Learn-at-Home program, Lesson fees
Found in: Fees Rates & Cost
Lynn S., Illinois
One of my prospective families (a home schooling family) decided to purchase the learn-at-home materials. Their son – who seems to have a bit of an attention problem, loves the materials. They are reluctant to pay for any lessons since they already have Neil Moore teaching through the videos. (And their son is very happy with this arrangement.)
After they are done, if they wanted to take lessons, how would I start with them? It seems like I’d need to give this boy a private lesson or do something to assess his knowledge. Yet, without having any personal lessons, he would also not have learned any other arrangements of songs or improvisation.
Any suggestions? (They may not enroll for awhile, but I don’t know how to potentially work with them.)
Also, is there such a thing as an “average” lesson fee? I realize many teachers are able to offer extremely reasonable rates, but between paying for gas and community rental fees and the Simply Music fees, I find it necessary to charge at least $28 or $30/lesson. I wonder if I’m charging too much…. but I don’t feel I can manage at the lowest rates.
Shanta H., Minnesota
The home materials do contain a lot more than the videos – There are audio files, diagrams, playlist/notes books, and the sheet music. Also a student gains so much more from learning with a teacher. Aside from weekly accountability, they are getting access to composition and improvisation programs, Accompaniment, arrangements, and all the myriad benefits that come from access to a group lesson. Also they can progress past level 3, which they cannot with the learn-at-home program.
As far as fees, I would give you a few pieces of advice, one of which Neil gave me 3 years ago. You need to set fees that you can live with, in every sense of the word. One pretty good system is to figure out the standard rate in your area and charge a premium on it. Another is to figure out how many hours you want to work a week and how many students that might amount to, and how much you need to make, and calculate how much you need to charge. Or there may be something else going on in your area that makes you make a different decision and choose a number somewhere in the middle of all of these.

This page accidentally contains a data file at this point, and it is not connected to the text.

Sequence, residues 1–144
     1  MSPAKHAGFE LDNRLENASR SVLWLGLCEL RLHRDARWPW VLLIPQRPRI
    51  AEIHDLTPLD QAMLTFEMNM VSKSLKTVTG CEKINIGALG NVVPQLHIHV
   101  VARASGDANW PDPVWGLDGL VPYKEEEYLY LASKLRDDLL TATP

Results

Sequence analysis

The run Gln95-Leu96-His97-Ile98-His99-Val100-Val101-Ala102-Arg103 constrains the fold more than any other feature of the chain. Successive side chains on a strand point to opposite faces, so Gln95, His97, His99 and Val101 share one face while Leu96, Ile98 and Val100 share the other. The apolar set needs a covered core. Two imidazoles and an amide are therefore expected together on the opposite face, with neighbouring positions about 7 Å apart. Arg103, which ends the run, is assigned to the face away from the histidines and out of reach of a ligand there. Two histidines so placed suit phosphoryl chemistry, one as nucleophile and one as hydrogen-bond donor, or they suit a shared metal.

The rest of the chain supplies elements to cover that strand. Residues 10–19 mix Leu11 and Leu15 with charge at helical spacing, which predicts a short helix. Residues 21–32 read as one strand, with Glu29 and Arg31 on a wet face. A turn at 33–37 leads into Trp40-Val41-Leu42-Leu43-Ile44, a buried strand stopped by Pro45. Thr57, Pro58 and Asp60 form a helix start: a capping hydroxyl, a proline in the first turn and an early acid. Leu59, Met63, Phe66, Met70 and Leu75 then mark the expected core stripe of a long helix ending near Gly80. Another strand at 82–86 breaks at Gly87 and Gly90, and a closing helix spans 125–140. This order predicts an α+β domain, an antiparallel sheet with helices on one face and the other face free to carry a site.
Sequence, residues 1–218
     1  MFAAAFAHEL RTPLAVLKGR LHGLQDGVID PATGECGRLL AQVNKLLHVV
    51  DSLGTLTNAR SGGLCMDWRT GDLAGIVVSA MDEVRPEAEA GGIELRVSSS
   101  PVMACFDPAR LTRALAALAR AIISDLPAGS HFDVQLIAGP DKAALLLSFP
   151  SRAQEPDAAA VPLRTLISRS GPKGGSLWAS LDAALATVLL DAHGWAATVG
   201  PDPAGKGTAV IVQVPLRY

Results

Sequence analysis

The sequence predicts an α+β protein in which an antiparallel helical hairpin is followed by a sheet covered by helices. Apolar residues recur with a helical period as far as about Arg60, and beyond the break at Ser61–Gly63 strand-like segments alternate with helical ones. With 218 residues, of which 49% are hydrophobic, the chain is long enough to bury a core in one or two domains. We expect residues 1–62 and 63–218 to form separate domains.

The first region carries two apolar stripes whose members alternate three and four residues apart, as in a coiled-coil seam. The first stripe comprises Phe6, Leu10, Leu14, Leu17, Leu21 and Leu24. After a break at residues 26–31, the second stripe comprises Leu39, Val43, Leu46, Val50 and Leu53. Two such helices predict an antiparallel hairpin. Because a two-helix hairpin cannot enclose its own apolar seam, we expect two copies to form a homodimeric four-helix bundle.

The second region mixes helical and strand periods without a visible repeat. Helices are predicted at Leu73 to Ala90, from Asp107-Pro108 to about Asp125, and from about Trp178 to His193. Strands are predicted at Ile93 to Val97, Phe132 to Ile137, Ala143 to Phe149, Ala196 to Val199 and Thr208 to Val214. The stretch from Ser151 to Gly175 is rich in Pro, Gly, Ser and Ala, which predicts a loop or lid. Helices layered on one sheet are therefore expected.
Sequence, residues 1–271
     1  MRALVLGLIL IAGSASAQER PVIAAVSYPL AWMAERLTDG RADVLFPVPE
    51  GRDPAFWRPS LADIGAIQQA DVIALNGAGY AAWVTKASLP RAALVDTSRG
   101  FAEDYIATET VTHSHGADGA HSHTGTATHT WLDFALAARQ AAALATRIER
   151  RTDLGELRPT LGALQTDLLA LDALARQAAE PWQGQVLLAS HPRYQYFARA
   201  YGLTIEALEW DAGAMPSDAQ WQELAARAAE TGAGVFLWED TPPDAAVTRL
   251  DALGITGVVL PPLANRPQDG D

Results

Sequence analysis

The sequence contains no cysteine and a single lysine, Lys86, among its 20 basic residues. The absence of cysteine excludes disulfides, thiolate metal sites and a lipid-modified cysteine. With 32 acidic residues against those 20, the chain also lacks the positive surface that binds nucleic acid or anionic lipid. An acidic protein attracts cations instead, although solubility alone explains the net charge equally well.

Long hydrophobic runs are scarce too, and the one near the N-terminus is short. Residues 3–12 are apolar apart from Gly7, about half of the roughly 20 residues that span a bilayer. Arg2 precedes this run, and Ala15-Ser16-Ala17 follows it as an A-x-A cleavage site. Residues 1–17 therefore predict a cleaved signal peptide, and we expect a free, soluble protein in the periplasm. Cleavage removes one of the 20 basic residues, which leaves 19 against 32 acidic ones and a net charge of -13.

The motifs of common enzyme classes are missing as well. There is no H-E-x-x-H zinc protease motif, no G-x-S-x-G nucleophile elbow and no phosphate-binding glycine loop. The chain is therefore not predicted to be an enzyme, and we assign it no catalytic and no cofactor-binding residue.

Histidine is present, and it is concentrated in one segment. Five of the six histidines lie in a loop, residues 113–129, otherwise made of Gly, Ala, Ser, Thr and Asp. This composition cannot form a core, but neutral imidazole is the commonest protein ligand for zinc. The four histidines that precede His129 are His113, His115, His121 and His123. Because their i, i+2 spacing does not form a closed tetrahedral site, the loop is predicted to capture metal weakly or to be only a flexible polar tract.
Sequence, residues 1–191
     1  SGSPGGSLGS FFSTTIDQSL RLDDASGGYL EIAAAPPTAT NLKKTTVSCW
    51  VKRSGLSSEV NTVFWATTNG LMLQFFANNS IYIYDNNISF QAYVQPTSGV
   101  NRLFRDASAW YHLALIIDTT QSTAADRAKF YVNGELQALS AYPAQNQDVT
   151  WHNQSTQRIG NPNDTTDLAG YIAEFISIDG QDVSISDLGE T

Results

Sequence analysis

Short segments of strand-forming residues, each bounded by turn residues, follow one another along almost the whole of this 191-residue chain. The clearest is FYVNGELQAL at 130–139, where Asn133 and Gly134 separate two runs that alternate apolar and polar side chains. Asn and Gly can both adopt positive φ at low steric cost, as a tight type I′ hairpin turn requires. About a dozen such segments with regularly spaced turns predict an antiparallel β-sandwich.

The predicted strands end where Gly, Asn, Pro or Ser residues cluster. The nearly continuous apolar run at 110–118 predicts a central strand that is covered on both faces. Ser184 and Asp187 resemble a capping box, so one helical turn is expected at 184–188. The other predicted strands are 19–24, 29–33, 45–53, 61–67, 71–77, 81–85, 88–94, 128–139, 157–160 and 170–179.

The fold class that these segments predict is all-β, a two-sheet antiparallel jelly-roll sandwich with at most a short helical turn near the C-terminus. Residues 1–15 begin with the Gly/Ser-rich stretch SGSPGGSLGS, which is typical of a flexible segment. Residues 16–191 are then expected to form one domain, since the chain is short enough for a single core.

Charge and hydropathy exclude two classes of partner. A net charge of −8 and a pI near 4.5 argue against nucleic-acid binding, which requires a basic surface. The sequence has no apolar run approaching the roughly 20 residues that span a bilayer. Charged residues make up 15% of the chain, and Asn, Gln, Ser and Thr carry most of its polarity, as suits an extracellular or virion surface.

When I started, I knew that I needed to be making at least twice as much an hour as I was working full time (I was making about $32/hour at the time). I also knew that the standard in my area for a private teacher is about $25 per lesson. I also knew that I had to figure in the 36% that I’d pay in taxes, and still be able to live with what I got to keep. I also knew that the Macphail Center for Music (the big 800-lbs Gorilla in my area for music lessons) was charging about $34 for a private lesson. I also knew that a thing’s perceived value is closely tied to its price. We all know the high quality of the Simply Music program, and in my opinion it’s important for that to be reflected in the price. If you charge equivalent or less than your traditional counterparts, your lessons and teaching will be perceived as worth less.
When I started, I charged $35 per shared lesson ($140/month) and $45 per private lesson ($180/month). I have since raised my per-lesson shared rates but not my monthly rates by taking more time off. I have also raised my private rates as my time is more at a premium. I now charge about $37.5 per shared and $50 per private lesson ($200/month now). I know I am charging quite a bit higher than average. Part of it is just because of where I live – Minneapolis. But a big part is also my taking the risk to truly charge a premium for a premium program, and believing that I, and the program, are worth it. I started with 6 students in 2010 and since Feb 2012 I have maintained over 30 students.
I do not think you are charging too much, but I don’t know the situation where you live. You need to set your fees in such a way that you can live with them in EVERY SENSE OF THE WORD. Can you pay your bills? Are you benchmarked where you want to be among traditional options in your area? Do you feel like your time is being adequately compensated?